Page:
The ghost of Confederate general J.E.B. Stuart is haunting and protecting an M1 Abrams tank as it rushes toward Baghdad as part of the US-led invasion of Iraq in this DC Comics miniseries, released under the VERTIGO imprint.
Those who remember the old HAUNTED TANK series from G.I. COMBAT comics in the 1970s will enjoy the new twist on the situation. Not that this miniseries is a mere modernisation of the old one. There are a lot of changes in the premise. In the new version, General Stuart can actually take part in the battle and in one scene, even joins in machinegunning a group of Iraqi soldiers. The new tank commander Jamal Stuart, an African-American has lengthy conversations with his namesake and possible ancestor and the rest of the tank crew can see and interact with the ghost as well-- quite a change from the original series where no one but Lieutenant Jeb Stuart could see the ghost and many of his crew wondered if their commander was going nuts.
The new Haunted Tank also appears to be far more unlucky as it gets caught in a lot of perilous situations, forcing the ghost to intervene to save Jamal. While the US-led assault on Iraq was swift and overwhelming, this comic certainly makes it look like a rather dangerous affair with the M1 tank barely surviving attacks by Iraqi fighters. This makes for some very exciting, close-range battle scenes rather than the antiseptic engagements with tanks exchanging cannon fire from half a mile away.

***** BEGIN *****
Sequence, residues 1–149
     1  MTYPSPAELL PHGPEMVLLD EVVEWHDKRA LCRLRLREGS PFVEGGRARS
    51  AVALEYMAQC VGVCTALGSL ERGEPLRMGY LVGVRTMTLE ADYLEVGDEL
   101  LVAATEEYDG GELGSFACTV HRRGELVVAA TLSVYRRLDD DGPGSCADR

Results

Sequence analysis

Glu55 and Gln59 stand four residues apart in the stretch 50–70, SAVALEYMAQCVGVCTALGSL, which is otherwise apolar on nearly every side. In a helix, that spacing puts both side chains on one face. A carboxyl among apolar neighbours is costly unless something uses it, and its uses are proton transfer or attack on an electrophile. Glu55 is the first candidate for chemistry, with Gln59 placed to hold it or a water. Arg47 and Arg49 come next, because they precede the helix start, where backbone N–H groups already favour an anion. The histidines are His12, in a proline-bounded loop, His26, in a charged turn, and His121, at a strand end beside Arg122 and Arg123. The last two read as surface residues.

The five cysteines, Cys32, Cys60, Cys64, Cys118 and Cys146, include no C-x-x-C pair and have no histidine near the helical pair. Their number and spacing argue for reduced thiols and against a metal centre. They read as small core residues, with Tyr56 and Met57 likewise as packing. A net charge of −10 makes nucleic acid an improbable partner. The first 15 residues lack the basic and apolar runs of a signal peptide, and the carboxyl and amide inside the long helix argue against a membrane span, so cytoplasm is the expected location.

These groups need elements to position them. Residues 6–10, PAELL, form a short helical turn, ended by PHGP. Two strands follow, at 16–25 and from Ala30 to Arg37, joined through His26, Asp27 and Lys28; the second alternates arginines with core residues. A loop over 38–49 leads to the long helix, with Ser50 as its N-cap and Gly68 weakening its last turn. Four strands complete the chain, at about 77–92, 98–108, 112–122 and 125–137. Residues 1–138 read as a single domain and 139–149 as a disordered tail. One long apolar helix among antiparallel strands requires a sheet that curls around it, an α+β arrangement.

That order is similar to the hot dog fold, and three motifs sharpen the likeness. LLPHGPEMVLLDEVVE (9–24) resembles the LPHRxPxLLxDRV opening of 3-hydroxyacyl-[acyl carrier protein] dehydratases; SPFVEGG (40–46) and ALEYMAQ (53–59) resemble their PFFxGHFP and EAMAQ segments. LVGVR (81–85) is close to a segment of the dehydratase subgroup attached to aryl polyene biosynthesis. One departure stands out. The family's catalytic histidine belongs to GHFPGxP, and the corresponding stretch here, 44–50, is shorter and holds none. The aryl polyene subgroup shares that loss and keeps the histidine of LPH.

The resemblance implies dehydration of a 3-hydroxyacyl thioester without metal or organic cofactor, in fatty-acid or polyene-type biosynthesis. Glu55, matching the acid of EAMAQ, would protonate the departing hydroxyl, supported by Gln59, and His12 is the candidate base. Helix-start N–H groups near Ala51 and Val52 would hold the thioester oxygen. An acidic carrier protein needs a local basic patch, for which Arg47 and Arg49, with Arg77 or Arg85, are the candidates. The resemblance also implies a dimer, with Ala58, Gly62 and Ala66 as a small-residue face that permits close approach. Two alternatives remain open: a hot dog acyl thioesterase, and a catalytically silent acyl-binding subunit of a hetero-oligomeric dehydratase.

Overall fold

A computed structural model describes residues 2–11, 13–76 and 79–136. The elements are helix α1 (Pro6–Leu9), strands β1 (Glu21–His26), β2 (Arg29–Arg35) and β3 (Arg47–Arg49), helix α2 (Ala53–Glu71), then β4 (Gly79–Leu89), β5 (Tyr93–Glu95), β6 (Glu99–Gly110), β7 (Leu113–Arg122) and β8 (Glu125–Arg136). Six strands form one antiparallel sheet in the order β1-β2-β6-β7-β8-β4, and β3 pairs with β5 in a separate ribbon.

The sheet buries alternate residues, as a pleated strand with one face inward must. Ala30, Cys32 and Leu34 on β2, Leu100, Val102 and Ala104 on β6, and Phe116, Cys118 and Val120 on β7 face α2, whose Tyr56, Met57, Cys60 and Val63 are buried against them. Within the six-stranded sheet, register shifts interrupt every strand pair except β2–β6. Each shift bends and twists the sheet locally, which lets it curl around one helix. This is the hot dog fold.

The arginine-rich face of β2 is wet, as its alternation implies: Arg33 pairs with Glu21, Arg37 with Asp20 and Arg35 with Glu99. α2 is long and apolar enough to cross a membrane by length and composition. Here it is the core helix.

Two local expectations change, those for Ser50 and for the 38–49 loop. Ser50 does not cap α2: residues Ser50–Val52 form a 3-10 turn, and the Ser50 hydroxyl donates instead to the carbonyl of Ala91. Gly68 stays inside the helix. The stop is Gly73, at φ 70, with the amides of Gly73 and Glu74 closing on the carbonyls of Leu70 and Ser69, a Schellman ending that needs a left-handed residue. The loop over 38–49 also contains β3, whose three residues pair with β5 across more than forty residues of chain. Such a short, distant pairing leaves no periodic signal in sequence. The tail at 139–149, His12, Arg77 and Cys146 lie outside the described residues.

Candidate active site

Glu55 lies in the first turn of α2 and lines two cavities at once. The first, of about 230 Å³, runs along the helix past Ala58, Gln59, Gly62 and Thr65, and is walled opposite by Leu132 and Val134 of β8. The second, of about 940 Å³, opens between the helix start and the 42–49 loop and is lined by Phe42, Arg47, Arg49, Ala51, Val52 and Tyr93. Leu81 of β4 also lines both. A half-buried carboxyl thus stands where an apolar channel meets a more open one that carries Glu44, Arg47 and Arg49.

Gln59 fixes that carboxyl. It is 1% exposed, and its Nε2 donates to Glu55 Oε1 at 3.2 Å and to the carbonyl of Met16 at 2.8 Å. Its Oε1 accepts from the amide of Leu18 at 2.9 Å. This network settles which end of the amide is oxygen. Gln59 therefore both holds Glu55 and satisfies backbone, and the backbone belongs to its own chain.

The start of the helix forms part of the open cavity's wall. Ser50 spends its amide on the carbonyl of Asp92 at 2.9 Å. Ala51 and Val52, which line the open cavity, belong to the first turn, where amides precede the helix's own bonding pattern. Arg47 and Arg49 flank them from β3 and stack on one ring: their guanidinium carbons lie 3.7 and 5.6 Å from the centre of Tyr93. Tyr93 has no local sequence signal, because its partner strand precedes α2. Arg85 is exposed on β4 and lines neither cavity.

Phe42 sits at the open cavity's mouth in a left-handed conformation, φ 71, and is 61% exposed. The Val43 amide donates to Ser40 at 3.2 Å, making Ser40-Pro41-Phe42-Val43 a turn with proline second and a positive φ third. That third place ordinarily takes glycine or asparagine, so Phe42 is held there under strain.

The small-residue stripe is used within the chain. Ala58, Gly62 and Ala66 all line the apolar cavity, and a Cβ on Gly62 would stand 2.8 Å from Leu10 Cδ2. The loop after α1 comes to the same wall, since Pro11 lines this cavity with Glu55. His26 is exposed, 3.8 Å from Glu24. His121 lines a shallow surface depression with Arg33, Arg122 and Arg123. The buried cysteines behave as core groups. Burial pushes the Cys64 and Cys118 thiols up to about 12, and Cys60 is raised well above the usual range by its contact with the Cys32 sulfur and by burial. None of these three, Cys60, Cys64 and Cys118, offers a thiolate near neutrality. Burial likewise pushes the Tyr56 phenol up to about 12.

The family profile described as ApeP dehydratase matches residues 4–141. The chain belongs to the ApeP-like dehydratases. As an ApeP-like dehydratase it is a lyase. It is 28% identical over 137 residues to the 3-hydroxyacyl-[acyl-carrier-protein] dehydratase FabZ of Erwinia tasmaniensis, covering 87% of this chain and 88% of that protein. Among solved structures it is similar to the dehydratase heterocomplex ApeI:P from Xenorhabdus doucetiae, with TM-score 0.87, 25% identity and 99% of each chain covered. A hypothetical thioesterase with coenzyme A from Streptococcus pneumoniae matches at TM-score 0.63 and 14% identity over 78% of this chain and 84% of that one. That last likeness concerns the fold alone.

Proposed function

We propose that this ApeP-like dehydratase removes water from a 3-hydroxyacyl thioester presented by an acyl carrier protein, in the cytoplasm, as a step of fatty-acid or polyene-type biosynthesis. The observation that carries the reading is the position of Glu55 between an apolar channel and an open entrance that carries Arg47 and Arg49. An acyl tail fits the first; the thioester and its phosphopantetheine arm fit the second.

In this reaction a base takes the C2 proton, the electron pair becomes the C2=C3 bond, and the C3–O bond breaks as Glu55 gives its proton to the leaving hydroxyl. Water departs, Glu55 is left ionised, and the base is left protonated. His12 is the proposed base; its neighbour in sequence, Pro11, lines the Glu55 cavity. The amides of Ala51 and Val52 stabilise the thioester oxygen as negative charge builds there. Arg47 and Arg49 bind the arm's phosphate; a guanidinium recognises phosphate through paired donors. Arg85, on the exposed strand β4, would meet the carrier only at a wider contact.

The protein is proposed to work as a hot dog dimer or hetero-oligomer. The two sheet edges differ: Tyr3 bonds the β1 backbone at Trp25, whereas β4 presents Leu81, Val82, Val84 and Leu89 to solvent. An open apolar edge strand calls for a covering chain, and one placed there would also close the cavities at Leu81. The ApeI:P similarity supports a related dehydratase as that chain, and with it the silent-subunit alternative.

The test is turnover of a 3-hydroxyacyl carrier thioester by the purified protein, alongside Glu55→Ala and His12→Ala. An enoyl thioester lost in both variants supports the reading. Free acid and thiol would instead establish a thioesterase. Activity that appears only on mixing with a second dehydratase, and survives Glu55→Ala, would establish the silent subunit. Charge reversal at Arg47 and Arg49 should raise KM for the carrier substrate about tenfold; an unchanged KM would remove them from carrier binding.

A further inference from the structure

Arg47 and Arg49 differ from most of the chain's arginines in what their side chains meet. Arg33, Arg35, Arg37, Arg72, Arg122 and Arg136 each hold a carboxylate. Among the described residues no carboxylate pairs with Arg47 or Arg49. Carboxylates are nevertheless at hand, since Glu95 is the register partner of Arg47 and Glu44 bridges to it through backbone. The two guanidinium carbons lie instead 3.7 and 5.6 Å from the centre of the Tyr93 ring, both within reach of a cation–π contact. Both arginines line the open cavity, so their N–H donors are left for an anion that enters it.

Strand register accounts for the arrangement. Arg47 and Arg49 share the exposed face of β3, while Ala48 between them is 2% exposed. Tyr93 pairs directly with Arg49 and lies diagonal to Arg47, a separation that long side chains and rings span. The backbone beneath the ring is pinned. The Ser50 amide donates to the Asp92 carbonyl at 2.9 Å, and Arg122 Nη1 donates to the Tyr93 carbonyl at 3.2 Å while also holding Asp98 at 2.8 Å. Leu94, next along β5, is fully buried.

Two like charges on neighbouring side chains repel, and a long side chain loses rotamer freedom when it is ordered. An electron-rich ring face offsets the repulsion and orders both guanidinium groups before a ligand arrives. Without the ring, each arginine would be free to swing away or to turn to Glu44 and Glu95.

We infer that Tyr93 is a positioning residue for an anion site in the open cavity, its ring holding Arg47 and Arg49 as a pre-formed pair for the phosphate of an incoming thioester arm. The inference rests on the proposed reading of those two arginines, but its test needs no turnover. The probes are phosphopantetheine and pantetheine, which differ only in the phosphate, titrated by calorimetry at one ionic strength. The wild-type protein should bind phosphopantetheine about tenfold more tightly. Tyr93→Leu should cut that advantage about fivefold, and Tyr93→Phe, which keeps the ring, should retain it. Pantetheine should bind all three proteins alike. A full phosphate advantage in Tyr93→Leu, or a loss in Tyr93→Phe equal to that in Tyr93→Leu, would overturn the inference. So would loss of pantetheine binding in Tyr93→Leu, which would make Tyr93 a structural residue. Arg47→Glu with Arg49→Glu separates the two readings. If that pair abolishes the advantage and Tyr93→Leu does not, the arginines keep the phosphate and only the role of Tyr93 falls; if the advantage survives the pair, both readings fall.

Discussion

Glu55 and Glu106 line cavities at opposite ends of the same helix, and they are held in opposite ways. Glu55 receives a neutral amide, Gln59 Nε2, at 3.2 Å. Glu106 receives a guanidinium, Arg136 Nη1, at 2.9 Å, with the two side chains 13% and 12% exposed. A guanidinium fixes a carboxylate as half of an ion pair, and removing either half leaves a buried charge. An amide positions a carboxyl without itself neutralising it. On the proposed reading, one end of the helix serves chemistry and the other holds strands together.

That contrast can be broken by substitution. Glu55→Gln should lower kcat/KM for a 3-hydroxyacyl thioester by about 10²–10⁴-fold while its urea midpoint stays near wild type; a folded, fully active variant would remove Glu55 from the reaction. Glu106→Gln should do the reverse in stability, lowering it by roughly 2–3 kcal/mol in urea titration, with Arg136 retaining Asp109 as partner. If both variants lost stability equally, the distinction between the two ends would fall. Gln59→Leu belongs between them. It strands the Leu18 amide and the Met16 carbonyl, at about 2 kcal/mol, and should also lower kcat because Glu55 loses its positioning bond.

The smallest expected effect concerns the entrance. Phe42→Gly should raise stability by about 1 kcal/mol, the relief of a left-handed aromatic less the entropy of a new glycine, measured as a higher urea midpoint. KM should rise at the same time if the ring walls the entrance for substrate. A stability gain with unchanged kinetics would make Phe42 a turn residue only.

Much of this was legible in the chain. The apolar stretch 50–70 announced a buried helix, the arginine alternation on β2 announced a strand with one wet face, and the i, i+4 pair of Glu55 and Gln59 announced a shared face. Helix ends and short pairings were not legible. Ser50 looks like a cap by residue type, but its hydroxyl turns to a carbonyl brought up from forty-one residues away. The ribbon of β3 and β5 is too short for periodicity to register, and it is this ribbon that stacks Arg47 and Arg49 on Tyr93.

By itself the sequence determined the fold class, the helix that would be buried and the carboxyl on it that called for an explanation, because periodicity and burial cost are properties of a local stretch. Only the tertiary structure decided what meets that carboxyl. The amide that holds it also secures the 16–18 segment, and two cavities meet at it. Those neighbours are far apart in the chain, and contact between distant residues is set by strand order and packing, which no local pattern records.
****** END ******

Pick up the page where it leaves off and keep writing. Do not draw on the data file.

The real conflict in this issue is between J.E.B., an unrepentant Confederate soldier and Jamal who is ready to confront him with the dark legacy of the south. Surprisingly, the creative team gives each side its due. The ghost does not turn into a contrite civil rights convert who denounces the Confederacy but Jamal does not eagerly welcome the ghost's guidance either. Many of the coming issues of this miniseries actually have the Confederate stars and bars flag displayed quite prominently. It should be interesting to see how the creative team handles such a politically-sensitive issue without having either side cave in to the other.
The art of this issue has a highly-detailed, well-lighted grittiness to it rather than the shades and heavy lines of traditional DC war comics. The soldiers and military equipment are all depicted with a great deal of realism that makes the story seem more timely, regardless of how fictional it is.
While this issue is entertaining enough on its own, the entire story is eclipsed by the character of General J.E.B. Stuart. With his florid, poetic language and his flamboyant, anachronistic appearance, he grabs most of the attention and gets the best lines. All the other characters, including Jamal, can't really hold their own in their scenes with him. One would think the ghostly general is the lead character, not the tank crew. If this keeps up, they might as well change the title of this book to "General Stuart and His Not-so-Amazing Friends."